Preface: writing is how I process things. This post is about grief and death. It isn’t edited and I didn’t proofread so ignore any errors. It’s just a short narrative of my experience.
The box sat on my dining room table for weeks.
I didn’t really know where else to put it. I mean, what’s the best place to put ashes while they wait to be buried? The closet? A sideboard? I’m not an expert on these things. Hell, I’ve never even been to a funeral and now I find myself in the unique position of planning one.
I suppose that’s the burden of being the responsible one in the family. Everyone just kind of expects you to handle stuff.
We weren’t terribly close, my niece and I. A phone call here or there, a text message on birthdays. My last Happy Birthday message went unanswered. I figured she was too busy to see it but, come to find out, she had already died.
And now…there she was, all 120 pounds of her, in a thick plastic bag, neatly zip tied at the top. It looks like sand. When people say ashes you picture ashes from a fire. Fine and gray. This looked like it was scooped up on the beach. I could’ve gone without actually seeing inside, but I’m the responsible one and my other niece, her half-sister, wanted to put some in an urn.
So I scooped a tablespoon or so into a small tin and taped it shut. Should I label it? No, she knows what’s inside. I hoped it was enough, it would have to be because I wasn’t doing that again.
The bag was in a box, in another box, in a USPS box. All I kept thinking was wow….that’s it. Your entire life, all of the things you accumulate and prioritize, the stuff that surrounds you, none of it really matters. You just end up in the ground, maybe as beach sand.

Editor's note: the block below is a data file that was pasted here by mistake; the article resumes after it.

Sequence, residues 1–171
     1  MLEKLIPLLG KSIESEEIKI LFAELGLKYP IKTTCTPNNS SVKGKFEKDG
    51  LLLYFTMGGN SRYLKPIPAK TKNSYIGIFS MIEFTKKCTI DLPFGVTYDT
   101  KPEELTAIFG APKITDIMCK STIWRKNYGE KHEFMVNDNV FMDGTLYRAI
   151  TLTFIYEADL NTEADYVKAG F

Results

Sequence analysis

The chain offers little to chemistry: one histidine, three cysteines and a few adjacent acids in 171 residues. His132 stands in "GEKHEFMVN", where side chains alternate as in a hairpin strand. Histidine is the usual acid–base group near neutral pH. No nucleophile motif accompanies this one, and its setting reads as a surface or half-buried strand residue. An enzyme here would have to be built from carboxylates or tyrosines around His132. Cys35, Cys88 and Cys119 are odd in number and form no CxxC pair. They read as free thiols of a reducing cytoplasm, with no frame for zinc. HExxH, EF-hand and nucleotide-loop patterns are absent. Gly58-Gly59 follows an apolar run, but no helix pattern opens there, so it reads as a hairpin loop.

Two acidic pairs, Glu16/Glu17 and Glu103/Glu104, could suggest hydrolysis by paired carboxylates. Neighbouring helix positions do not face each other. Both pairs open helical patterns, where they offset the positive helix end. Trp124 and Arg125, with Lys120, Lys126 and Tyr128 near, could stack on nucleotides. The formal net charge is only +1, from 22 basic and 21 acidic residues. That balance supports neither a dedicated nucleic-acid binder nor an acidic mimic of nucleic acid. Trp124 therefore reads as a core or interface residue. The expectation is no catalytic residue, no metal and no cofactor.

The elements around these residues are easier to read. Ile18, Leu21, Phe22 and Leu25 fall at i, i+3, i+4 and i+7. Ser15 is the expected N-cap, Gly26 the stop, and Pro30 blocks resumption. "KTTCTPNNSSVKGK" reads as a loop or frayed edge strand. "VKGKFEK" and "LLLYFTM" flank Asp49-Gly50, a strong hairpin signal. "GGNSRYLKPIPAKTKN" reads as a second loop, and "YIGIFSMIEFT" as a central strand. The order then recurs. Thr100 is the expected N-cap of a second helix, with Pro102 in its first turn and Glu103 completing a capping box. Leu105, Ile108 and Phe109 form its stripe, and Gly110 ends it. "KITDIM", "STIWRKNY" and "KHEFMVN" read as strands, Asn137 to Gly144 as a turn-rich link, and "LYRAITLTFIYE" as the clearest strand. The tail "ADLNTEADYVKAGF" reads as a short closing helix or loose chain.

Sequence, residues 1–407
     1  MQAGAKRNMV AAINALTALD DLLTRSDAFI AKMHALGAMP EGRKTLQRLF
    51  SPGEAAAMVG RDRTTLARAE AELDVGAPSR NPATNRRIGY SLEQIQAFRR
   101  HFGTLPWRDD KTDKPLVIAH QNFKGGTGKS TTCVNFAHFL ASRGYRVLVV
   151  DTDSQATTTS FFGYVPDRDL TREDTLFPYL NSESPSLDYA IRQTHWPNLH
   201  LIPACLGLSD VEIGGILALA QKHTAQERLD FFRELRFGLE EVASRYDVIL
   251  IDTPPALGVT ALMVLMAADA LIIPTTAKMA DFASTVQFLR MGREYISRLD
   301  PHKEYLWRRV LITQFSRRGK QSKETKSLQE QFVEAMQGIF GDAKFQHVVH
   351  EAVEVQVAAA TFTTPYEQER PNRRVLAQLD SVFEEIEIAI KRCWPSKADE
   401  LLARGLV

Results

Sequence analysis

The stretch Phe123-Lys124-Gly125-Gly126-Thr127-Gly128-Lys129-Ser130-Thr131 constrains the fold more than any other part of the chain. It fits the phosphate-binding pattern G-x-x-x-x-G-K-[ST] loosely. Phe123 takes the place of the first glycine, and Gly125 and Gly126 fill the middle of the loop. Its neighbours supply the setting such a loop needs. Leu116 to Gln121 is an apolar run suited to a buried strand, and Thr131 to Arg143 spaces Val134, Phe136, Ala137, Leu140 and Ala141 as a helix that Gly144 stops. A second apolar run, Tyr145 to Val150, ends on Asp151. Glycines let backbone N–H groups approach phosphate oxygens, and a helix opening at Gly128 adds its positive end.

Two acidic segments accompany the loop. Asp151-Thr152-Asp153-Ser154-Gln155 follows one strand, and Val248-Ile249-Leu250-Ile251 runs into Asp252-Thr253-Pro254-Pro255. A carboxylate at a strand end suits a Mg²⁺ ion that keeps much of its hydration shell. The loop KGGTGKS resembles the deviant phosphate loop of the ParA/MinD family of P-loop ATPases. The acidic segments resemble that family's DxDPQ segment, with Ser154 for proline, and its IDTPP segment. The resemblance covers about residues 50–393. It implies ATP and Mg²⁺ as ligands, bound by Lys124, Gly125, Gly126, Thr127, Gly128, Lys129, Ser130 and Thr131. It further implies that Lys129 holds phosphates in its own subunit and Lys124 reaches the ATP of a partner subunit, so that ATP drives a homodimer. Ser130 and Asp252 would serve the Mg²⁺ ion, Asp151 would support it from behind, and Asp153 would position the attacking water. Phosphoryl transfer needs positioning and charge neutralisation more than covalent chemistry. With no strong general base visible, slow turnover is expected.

We didn’t have a choice on whether to have a cremation or not. She sat unclaimed, abandoned was the official status, for months in who knows what kind of warehouse of beach sand boxes. That’s what happens if you die and no one knows you know? Or if you die and you have no one. The state cremates you and files you away. I’m the responsible one, so it was up to me to bring her home.
I lost it when I opened the box and saw the flag. I’ve seen plenty of flags of course. I see them everyday up close but this one was different. It was brand new. Folded neatly in a box. So many boxes. I took it out and ran my fingers along the stars and stripes, my breath catching in my throat, blinking back the warm tears, but they came too fast and raced down my cheeks in errant streams. The grief comes in waves. One minute you’re fine and the next, it’s washing over you as you try and stay afloat. An unpredictable ebb and flow of sorts.
I stacked the flag on top of her and made a phone call. Responsible people make phone calls and get things done after all. It sat there, a morbid to-do pile, until the day of the funeral when I transported it to the cemetery staff. They do this every day, multiple times a day, crazy. She served for a short spell in the Army so she was entitled to a military burial at a military cemetery. I took care of all of the arrangements and it was a touching thing to witness. It was hot out and I was in my dress uniform, hoping the buttons wouldn’t betray me and go whizzing across the room due to my fluffier than usual state. I don’t think I’ve ever felt as much pride as I did that day to wear the uniform.
I’m sure she would appreciate it.